Wednesday, May 26, 2010

Eating Animals

"The justification for eating animals and for not eating them are often identical: we are not them."

This line, for whatever reason, stood out to me as I've been working through Jonathan Safran Foer's Eating Animals. (Check out the website here.) I'm about halfway through, and was very hesitant to get this book--not because I was "afraid" of what I might learn (though I have learned some things from it, and the book has extensive references), but because I thought the book would be cute and mildly pretentious. (I don't know anything about Foer, haven't read his novels, but have this probably unfair image of him as a NYC literati hipster...hence my reservations.)

But the book is in fact quite good so far. The problem is that between this and Michael Pollan's The Omnivore's Dilemma, there isn't very much left to eat on a daily basis that can leave one feeling very good. That is, it's easy to be overwhelmed by the thought that there's nothing one can do right when it comes to eating. (The butternut squash I purchased at the new Meijer store in Richmond today was shipped from Mexico; how much oil did that take? One might say: at least it didn't suffer during the ride...) When one confronts the problems with "industrial" food, whether meat or produce, it's hard to know where to start with righting one's own ship, at least until the local farmer's market opens in June...

I hope to have something more cohesive to say about Foer when I finish the book. I've been eating quasi-vegetarian (with some shrimp and fish--though fish is looking like a worse deal the more I read and learn) for several months, but I don't have strongly settled views about most of the subtleties of the "eating animals" debates.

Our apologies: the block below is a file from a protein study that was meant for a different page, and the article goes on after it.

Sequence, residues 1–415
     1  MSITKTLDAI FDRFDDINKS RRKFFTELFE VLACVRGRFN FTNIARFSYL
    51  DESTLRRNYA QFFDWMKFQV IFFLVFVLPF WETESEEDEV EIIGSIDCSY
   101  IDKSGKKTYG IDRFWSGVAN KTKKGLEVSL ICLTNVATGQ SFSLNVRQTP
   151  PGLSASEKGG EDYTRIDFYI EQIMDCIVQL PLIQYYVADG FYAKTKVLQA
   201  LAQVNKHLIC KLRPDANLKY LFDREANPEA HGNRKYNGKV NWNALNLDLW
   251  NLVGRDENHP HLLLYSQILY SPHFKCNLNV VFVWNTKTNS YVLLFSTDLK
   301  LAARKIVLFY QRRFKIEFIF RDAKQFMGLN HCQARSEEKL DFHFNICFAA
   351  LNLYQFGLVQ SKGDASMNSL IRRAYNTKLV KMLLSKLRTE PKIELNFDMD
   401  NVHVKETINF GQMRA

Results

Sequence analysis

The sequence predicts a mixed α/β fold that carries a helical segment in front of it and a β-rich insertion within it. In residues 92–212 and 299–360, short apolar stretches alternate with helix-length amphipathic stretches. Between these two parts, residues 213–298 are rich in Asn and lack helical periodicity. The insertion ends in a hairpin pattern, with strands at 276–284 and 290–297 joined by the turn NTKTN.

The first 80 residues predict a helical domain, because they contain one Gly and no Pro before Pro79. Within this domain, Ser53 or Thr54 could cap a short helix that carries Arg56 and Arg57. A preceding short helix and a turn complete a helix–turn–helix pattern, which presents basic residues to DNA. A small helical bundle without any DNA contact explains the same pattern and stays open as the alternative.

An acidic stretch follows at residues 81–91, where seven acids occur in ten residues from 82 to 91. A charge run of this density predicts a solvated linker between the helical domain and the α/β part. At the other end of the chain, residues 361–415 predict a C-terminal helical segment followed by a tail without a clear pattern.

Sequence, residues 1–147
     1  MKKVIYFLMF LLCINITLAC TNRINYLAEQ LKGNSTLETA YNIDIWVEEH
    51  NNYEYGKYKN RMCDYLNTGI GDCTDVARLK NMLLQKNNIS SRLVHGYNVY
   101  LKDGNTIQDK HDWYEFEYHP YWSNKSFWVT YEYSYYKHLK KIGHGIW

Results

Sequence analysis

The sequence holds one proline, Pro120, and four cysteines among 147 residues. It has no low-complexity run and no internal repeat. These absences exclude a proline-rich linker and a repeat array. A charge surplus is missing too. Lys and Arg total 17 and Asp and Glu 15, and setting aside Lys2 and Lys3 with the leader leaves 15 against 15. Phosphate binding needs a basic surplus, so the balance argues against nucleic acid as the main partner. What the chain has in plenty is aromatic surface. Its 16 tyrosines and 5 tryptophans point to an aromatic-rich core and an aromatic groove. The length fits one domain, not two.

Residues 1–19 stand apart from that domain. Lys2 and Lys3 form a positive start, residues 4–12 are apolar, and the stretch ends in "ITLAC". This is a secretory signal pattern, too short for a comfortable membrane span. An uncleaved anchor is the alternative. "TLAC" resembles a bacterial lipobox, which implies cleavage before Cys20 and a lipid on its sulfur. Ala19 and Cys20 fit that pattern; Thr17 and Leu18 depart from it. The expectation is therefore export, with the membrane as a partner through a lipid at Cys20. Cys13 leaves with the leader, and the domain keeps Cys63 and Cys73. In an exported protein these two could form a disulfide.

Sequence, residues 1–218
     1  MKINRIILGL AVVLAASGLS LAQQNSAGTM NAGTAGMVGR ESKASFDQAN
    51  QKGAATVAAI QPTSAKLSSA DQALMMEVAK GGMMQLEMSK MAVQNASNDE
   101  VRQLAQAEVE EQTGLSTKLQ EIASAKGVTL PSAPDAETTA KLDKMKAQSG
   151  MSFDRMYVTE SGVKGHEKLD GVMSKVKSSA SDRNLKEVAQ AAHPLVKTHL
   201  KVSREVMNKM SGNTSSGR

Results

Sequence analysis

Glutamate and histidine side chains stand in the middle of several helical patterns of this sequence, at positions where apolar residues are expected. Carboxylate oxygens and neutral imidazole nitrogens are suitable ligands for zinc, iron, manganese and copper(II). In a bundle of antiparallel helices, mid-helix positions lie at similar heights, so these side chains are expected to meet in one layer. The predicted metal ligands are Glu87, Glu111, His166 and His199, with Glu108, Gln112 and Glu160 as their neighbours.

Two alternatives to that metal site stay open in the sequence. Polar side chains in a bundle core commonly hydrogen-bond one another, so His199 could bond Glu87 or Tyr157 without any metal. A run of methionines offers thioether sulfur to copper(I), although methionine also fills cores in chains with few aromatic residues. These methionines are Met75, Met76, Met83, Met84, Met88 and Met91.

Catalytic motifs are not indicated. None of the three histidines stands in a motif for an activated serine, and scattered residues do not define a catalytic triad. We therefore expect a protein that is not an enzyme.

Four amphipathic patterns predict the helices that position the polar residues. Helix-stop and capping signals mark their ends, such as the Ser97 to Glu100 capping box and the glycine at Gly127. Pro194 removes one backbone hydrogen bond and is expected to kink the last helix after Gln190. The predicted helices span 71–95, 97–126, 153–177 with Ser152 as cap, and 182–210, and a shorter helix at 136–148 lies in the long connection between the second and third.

But back to Foer's line above: what do you make of it? It's easy, perhaps, for the animal liberationist (say, Singer) to say that "we are not them" is a red herring (ha ha) (speciesism, etc.) when it comes to justifying eating animals, but is that right?


  1. I'm a bit puzzled by the Foer line, as I've never heard the case for not eating non-human animals based on their being unlike us, but the reverse: our shared vulnerability to suffering, etc. That we eat them, it is usually argued (I thought), is a function of our not appreciating continuities between human and non-human animals.

  2. The idea is that our not being "animals" means that we can make choices about what we eat based upon moral reasoning, principles, etc. (I.e. what and how we eat can be a moral issue for us; it can't be so for a cat (so far as I know).)

    This would be a response, for example, to the argument that it must be ok for us to eat animals because some animals eat other animals. (The "it's natural" argument.) I assume you know the retort to that (that rape in nature doesn't justify rape in human society).

  3. Oh, I see. I wonder, though, as a matter of persuasion, how effective it is to employ that tack, and whether it doesn't work against encouraging the sort of sympathetic identification that seems to be the real motivator in changing the relevant attitudes and behaviors.

  4. Well, I don't think this is anyone's whole defense of animal liberation/welfare, etc. Can we only sympathetically identify with other moral agents? (That seems wrong.)

  5. I guess I take a quasi-Schopenhauerian perspective on this in thinking that underscoring what seems to distinguish us from other animals poses a greater risk of being an impediment to moving us to positively alter our treatment of them. (The standing temptation to, as it were, anthropomorphize ourselves.)